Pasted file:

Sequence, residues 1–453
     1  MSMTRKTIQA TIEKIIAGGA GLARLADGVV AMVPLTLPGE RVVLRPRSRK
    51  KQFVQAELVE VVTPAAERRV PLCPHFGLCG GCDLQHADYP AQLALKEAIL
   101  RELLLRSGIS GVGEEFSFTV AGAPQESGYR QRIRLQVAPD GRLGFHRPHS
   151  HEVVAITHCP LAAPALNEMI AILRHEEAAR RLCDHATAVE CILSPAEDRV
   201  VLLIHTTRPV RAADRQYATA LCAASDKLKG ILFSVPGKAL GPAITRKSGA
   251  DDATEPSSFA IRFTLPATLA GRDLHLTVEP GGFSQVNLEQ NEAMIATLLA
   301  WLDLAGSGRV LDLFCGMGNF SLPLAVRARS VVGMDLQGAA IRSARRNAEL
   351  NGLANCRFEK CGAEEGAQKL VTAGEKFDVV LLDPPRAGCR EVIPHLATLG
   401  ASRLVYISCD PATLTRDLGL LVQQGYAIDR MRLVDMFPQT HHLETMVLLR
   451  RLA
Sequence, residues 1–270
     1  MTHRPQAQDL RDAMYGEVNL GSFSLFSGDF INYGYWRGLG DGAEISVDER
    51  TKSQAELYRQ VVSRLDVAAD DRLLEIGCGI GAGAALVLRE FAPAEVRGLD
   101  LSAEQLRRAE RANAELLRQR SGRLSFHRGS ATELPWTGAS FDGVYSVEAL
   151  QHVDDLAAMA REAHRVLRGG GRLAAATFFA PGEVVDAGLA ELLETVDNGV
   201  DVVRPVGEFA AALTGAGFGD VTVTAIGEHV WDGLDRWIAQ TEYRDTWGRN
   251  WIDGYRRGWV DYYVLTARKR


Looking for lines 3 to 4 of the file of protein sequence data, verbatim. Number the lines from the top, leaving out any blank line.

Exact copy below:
    51  KQFVQAELVE VVTPAAERRV PLCPHFGLCG GCDLQHADYP AQLALKEAIL
   101  RELLLRSGIS GVGEEFSFTV AGAPQESGYR QRIRLQVAPD GRLGFHRPHS